Company-based store audits are a widely used practice in the retail industry. Whether they are operationally based or loss prevention specific, most companies have a schedule of audits completed on behalf of the organization. The company-based store audit should be a component of your program, but should it be the only audits that are conducted?
Instead of waiting for a company conducted audit to occur and determine how a store “measures up” against company expectations, companies should take the proactive approach and implement store self audits. This process, if done correctly, will highlight operational strengths and weaknesses and may actually prevent a potential risk and loss from occurring and/or becoming worse over time.
Complacency is the Enemy
“We shall have no better conditions in the future if we are satisfied with all those which we have at present.” – Thomas Edison
The days (or months depending on your corporate audit schedule) between your official company audits are many, so setting the expectation and creating synergy amongst a team sends a strong message that complacency is not an option. By placing high importance on an audit program and inspecting what you expect, ensures that the operation is running properly and efficiently.
To get the process started, some advanced preparation and planning is necessary as well as participation from the entire staff. This should definitely be a collaborative effort with buy-in at the store level.
Here are some simple tips and strategies organizations can use to get moving in the right direction:
Ensure employee understanding of the established loss prevention or operational audit and any related instructions on what is expected from each question in order to be compliant. Written instruction guides provide consistency across the organization and remove any questions on how best to answer audit questions.
Determine the specific time frame (i.e. completed within a day or over the course of time) when the audit will be completed.
Set up protocols and procedures that requires self auditing at least once a month.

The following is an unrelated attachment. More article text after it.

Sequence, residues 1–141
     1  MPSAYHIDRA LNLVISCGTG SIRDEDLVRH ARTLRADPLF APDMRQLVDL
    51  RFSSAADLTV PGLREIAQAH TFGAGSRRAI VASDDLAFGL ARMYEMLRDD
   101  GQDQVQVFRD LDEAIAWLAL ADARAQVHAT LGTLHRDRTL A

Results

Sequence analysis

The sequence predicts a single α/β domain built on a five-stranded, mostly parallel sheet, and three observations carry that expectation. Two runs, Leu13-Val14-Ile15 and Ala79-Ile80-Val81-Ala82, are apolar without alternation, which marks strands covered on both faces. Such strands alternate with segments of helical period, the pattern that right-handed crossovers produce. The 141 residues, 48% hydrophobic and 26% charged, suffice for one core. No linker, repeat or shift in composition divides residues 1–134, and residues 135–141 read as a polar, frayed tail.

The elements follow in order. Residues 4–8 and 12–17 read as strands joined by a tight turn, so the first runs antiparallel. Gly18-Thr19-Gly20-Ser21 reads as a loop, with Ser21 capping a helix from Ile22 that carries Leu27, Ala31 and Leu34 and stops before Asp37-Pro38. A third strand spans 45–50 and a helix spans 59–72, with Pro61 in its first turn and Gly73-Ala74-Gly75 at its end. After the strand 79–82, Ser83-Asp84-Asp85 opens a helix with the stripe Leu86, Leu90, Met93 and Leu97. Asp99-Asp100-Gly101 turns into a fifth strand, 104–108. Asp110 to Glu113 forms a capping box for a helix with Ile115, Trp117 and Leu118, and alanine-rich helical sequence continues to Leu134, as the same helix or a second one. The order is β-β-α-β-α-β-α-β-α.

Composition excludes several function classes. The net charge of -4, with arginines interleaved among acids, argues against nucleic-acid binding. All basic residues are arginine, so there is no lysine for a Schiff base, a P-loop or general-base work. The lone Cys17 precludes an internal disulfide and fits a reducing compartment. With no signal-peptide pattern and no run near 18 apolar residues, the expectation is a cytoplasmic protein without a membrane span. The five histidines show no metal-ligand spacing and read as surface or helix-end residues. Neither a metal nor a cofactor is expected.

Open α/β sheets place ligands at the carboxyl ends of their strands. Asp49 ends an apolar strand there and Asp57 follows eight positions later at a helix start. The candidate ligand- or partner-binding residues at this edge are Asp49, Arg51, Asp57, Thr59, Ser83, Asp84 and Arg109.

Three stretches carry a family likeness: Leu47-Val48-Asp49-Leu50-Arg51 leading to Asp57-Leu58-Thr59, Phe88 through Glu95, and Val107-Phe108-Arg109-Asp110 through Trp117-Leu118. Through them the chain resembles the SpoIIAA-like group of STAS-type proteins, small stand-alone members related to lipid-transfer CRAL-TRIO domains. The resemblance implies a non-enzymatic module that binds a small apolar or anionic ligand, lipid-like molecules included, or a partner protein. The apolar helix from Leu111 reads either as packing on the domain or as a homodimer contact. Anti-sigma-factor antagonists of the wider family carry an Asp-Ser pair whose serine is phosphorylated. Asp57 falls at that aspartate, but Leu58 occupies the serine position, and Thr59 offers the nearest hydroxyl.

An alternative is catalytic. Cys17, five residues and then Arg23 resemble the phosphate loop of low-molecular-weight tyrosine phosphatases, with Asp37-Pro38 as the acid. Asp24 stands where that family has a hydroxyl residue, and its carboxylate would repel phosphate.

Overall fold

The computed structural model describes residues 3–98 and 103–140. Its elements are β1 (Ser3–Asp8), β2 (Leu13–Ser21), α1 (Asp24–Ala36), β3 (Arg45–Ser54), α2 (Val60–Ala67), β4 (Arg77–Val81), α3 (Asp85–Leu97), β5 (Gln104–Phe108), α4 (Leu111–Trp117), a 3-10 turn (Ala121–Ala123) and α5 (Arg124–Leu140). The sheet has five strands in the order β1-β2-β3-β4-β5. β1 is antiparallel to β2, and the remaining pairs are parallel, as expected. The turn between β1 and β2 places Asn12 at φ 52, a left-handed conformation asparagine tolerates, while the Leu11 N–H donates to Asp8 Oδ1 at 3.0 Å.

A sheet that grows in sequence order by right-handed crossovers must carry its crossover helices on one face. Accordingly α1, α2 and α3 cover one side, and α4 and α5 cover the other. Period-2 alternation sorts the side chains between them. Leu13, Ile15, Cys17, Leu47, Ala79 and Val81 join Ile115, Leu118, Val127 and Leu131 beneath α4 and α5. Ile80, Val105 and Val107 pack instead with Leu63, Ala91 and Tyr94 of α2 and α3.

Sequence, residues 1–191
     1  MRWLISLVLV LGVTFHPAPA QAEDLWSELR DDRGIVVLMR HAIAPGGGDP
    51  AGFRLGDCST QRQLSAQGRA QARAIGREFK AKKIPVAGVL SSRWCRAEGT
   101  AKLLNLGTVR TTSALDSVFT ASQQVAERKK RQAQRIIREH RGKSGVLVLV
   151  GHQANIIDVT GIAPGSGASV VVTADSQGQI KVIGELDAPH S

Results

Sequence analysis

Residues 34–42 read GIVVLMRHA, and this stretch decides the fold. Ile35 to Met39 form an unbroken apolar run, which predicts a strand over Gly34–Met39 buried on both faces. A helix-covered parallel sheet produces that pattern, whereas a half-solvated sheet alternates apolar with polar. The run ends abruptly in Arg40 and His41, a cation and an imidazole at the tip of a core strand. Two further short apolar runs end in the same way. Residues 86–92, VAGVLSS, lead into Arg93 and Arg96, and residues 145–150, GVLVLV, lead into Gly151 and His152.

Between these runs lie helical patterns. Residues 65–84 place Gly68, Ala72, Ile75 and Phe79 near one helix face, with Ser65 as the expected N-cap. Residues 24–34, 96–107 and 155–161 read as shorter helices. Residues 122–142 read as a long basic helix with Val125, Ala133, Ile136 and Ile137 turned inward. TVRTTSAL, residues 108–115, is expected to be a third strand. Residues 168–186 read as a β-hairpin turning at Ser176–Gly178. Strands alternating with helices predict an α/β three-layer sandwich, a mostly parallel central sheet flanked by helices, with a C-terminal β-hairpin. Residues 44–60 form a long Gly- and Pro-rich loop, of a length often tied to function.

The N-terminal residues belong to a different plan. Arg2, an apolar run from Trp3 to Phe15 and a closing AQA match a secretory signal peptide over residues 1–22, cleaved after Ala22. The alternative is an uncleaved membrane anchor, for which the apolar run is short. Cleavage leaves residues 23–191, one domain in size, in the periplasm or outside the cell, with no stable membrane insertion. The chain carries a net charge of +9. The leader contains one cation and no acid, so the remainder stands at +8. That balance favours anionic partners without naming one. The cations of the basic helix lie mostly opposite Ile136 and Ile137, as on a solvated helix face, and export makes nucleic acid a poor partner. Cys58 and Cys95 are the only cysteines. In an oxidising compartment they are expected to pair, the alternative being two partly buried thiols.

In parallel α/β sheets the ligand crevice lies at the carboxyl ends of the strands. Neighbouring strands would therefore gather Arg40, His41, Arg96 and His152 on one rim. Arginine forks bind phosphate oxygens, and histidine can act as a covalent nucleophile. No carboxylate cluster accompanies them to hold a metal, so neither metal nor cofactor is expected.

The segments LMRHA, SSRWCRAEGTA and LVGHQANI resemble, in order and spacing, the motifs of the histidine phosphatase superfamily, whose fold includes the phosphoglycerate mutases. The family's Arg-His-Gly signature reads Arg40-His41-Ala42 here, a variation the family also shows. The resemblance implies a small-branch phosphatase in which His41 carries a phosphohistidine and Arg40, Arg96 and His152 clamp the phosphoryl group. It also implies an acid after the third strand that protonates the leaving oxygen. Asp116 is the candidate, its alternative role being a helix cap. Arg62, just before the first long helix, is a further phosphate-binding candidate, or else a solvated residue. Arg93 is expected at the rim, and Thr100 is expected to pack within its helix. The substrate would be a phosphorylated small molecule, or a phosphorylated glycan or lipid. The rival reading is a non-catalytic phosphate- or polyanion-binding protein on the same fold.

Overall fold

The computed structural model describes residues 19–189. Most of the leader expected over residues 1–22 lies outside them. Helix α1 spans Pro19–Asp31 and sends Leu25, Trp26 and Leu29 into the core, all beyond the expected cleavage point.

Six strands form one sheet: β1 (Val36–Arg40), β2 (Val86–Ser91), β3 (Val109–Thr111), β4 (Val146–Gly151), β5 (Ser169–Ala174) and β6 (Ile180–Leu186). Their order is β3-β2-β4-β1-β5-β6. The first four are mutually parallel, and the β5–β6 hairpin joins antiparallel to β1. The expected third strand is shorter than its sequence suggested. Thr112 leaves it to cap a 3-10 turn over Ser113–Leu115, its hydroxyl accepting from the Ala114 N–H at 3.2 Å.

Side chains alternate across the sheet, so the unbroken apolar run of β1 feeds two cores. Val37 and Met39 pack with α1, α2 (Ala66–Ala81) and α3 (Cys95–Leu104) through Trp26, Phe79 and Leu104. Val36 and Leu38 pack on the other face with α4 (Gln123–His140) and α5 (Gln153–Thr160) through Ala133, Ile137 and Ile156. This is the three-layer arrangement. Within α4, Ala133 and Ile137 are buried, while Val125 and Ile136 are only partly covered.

Encourage District/Regional Management participation.
Participation in a self audit in crucial; and should be divided and involve the entire store team.
Present the findings to the entire store team and discuss what was done correctly and where improvement is needed. Management should include everyone in how to improve.
Create an action plan and set goals for the next self audit (i.e. 95% or higher on the next self audit). Provide guidelines on how stores can better improve their scores.
Reward those who make the difference. Recognition of one’s contribution goes a long way.
For self auditing to be successful, everyone needs to participate and understand that an audit is basically an “open book” test on what is already expected through standard operating procedures. It is how well these procedures are executed. That is the question to be answered during the course of the audit process.
Why wait to be evaluated when all of the tools to accomplish this on-going task are at your fingertips. Moving towards that goal of operation excellence as a group can energize a team and help employees realize that anything is possible when everyone contributes.
Don’t Lose Focus
Why is focus important? Because companies with a lack of focus can send the wrong message to their teams and lead to low morale, which could create a culture of poor habits and little attention to detail. Focus on team accountability and changing poor behaviors. Changing behavior requires discipline and ownership from anyone who leads a team. Awareness is a key component to behavioral change, so focus your efforts there. It is better to over-communicate your requirements instead of assuming everyone is on the same page. Frustration at the store level can easily derail one’s efforts. Inspecting what you expect within your organization sends a powerful message and is a critical tool for long term success. From cash handling procedures to physical security standards, it allows for transparency at all levels and the long term benefit can be measured through operational excellence and higher profits. Set the bar high and you may be surprised to see just how many people make it over.
Bill Angiolillo, CFI- Director of Client Services